Both men had been intent on creating a policy-crafting organization that wouldn’t shy away from pushing legislation directly, as most think tanks did. Originally named Analysis and Research Association, the political influence operation grew to become the only outside organization allowed to caucus with members of Congress. The same year that The Heritage Foundation opened its doors in 1973, Weyrich created the American Legislative Exchange Council or ALEC, with the purpose of mounting legislative battles at the state level around the country. Most of ALEC’s funding came from Richard Mellon Scaife’s foundation, but would eventually count on much Koch money, too.

Paul Weyrich a conservative think tank chairman testifies before the Senate Armed Serviced Committee on Capitol Hill during the confirmation hearing of Defense Secretary-designate John Tower in Washington. Weyrich, who coined the phrase “moral majority” and helped turn social conservatives into a powerful force in the Republican Party, died Thursday, Dec. 18, 2008. He was 66. (AP Photo, File)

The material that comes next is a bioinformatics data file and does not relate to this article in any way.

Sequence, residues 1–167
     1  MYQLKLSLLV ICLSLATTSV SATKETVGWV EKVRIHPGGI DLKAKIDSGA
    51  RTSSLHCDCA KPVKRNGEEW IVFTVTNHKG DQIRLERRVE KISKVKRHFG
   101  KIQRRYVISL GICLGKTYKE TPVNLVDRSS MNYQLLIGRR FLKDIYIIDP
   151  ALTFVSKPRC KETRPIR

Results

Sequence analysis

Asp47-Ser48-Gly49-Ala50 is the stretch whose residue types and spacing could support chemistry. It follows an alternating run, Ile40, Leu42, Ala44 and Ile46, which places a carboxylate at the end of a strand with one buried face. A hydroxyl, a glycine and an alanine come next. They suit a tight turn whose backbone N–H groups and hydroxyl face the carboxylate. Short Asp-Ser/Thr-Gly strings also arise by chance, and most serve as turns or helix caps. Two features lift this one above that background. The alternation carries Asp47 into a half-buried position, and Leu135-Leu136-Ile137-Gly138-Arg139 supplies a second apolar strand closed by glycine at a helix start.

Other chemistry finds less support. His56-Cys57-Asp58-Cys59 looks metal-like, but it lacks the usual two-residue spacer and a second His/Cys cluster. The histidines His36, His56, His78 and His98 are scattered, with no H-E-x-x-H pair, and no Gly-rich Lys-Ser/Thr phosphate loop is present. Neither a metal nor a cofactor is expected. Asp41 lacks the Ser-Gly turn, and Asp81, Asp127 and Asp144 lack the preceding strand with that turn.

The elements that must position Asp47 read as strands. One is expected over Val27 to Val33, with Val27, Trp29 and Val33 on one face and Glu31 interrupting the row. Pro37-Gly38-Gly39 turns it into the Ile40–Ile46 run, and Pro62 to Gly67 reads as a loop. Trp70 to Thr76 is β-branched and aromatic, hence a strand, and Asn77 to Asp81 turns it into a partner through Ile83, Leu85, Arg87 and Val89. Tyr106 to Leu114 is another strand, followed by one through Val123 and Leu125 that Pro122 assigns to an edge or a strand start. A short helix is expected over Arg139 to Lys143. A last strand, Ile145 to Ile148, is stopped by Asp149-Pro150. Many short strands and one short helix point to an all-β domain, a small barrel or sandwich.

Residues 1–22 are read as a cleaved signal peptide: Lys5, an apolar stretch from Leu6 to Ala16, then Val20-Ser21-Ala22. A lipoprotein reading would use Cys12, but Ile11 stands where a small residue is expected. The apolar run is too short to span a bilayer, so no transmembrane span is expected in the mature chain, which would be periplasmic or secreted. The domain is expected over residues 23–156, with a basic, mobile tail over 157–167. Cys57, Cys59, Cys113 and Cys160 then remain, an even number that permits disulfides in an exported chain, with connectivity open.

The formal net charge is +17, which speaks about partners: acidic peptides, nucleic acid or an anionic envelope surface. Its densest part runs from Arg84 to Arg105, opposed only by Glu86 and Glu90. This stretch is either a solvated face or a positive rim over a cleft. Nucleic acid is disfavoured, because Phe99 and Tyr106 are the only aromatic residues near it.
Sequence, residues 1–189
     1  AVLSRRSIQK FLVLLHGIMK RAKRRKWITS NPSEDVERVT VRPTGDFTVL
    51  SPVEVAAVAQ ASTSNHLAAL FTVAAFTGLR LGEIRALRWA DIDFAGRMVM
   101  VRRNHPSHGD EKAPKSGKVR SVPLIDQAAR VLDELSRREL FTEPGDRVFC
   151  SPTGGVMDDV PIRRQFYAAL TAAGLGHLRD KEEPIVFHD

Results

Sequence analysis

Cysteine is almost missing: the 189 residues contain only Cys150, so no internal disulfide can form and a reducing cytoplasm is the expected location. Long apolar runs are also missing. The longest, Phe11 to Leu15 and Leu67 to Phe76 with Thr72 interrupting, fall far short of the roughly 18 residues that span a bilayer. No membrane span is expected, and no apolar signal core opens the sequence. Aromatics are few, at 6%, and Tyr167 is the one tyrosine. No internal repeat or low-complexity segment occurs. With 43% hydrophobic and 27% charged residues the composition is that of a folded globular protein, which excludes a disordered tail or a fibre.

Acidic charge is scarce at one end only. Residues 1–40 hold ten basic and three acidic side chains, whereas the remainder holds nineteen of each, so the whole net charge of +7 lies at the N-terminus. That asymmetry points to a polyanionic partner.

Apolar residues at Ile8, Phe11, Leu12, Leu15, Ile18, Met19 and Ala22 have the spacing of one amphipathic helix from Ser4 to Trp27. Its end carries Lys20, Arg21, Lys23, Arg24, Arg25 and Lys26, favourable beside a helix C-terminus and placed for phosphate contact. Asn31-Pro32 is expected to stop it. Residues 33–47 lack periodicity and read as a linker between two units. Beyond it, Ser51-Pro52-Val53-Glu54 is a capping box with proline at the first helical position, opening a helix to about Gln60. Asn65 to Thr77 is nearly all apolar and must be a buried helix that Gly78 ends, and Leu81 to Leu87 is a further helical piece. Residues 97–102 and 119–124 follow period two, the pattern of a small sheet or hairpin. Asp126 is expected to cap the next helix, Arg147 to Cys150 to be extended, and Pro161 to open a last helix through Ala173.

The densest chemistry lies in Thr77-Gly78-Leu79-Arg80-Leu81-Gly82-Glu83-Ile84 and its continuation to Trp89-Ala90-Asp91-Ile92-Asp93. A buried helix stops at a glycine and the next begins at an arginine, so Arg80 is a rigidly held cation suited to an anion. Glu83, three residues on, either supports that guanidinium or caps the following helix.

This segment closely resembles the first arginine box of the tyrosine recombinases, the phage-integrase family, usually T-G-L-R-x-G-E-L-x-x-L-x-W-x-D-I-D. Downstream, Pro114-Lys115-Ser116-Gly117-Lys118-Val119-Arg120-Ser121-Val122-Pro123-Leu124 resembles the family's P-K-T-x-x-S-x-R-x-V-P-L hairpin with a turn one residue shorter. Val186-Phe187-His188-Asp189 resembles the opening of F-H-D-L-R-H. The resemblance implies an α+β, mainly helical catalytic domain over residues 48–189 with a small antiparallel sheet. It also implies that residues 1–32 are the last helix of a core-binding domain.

Koch became a key supporter of ALEC’s national push to deregulate the energy markets, putting his men on the task forces put together by the organization. ALEC’s “model bills” were introduced to many states with barely any modifications and greatly helped Koch Industries partake of the massive fraud that the new energy markets afforded companies like theirs. Pushing the changes along with Koch on ALEC’s task forces were representatives of Enron, which ended up taking the brunt of the press coverage when the chickens came home to roost.

Koch had been trading in the commodities market for years prior. In 1983, when NYMEX introduced oil futures contracts, Koch was well-positioned to take advantage of the seismic change this represented for the way oil was traded on the open market. Ron Howell, the man who years later carried out the fake audit of the Osage leases on Koch’s behalf, was then the head of the company’s oil trading division.